Sputum

(redirected from sputum cup)
Also found in: Dictionary, Thesaurus, Encyclopedia.

sputum

 [spu´tum]
mucous secretion from the lungs, bronchi, and trachea that is ejected through the mouth, in contrast to saliva, which is the secretion of the salivary glands. Called also expectoration.
induced sputum a sputum specimen produced for diagnostic tests by aerosol administration of a hypertonic saline solution.
sputum specimen a sample of mucous secretion from the bronchi and lungs. The specimen may be examined microscopically for the presence of malignant cells (cytologic examination) or tested to identify pathogenic bacteria (bacteriologic examination). It is essential that the specimen obtained be mucus from the lungs and bronchi and not saliva. For those unable to produce sputum for examination, an aerosol may be used to increase the flow of secretions and stimulate coughing. The optimum time for collection of a sputum specimen is in the morning before eating or drinking anything. At this time secretions accumulated in the bronchi through the night are more readily available, and, should the coughing produce gagging, the patient is less likely to vomit if the stomach is empty. Specimens collected for bacteriologic culture must be placed in a sterile container and handled with care to avoid contamination from sources other than the sputum.
Miller-Keane Encyclopedia and Dictionary of Medicine, Nursing, and Allied Health, Seventh Edition. © 2003 by Saunders, an imprint of Elsevier, Inc. All rights reserved.

spu·tum

, pl.

spu·ta

(spyū'tŭm, -tă), Although the sense of the Latin word includes spittle or saliva, in medical usage sputum refers to secretions expelled from the lower respiratory tract.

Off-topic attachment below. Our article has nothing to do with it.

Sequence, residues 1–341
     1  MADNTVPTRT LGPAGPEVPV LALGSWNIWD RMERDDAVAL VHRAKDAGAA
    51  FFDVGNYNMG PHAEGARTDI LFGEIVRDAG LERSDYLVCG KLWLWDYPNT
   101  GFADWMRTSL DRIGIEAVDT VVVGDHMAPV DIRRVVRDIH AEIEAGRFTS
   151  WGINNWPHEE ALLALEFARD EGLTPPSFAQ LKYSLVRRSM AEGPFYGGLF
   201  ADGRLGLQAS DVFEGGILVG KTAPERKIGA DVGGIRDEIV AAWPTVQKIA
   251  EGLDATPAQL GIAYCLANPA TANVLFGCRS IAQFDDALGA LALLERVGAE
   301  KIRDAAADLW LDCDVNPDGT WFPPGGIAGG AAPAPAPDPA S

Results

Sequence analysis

1. Expectorated matter, especially mucus or mucopurulent matter expectorated in diseases of the air passages.
See also: expectoration (1).
2. An individual mass of such matter.
[L. sputum, fr. spuo, pp. sputus, to spit]
Farlex Partner Medical Dictionary © Farlex 2012

sputum

(spyo͞o′təm)
n. pl. spu·ta (-tə)
Matter coughed up and usually ejected from the mouth, including saliva, foreign material, and substances such as mucus or phlegm, from the respiratory tract.
The American Heritage® Medical Dictionary Copyright © 2007, 2004 by Houghton Mifflin Company. Published by Houghton Mifflin Company. All rights reserved.

sputum

Semiliquid diagnostic 'goo' obtained from deep coughs from the lungs, bronchi, trachea, which is collected sterilely and examined by cytology and/or cultured Complications Laceration of coronary arteries, or liver due to puncture, arrhythmias caused by needle irritation, vasovagal arrest, pneumothorax, infection. See Brick-red sputum, Currant jelly sputum, Induced sputum, Prune juice sputum, Rusty sputum.
Sputum–diagnostic utility
Cytologic examination Specimen is smeared on a glass slide, stained with one of several dyes, and examined by LM; the only cells seen in normal sputa are those of tracheobronchial tree and lungs.
Culture & sensitivity The specimen is swabbed on a culture plate in the microbiology laboratory to detect the growth of potentially harmful bacteria or fungi
McGraw-Hill Concise Dictionary of Modern Medicine. © 2002 by The McGraw-Hill Companies, Inc.

spu·tum

(spyū'tŭm)
1. Expectorated matter, especially mucus or mucopurulent matter expectorated in diseases of the air passages.
See also: expectoration (1)
2. An individual mass of such matter.
[L. sputum, fr. spuo, pp. sputus, to spit]
Medical Dictionary for the Health Professions and Nursing © Farlex 2012

sputum

Mucus, often mixed with PUS or blood, that is secreted by the goblet cells in the MUCOUS MEMBRANE lining of the respiratory tubes (BRONCHI and BRONCHIOLES). Excess sputum prompts the cough reflex. Also known as phlegm.
Collins Dictionary of Medicine © Robert M. Youngson 2004, 2005

sputum

material coughed up from the respiratory tract, whose colour, volume, smell and consistency are important in the diagnosis and management of respiratory disorders.
Collins Dictionary of Biology, 3rd ed. © W. G. Hale, V. A. Saunders, J. P. Margham 2005

Sputum

The substance that is brought up from the lungs and airway when a person coughs or spits. It is usually a mixture of saliva and mucus, but may contain blood or pus in patients with lung abscess or other diseases of the lungs.
Gale Encyclopedia of Medicine. Copyright 2008 The Gale Group, Inc. All rights reserved.

spu·tum

(spyū'tŭm)
1. Expectorated matter, especially mucus or mucopurulent matter expectorated in diseases of the air passages.
2. An individual mass of such matter.
[L. sputum, fr. spuo, pp. sputus, to spit]
Medical Dictionary for the Dental Professions © Farlex 2012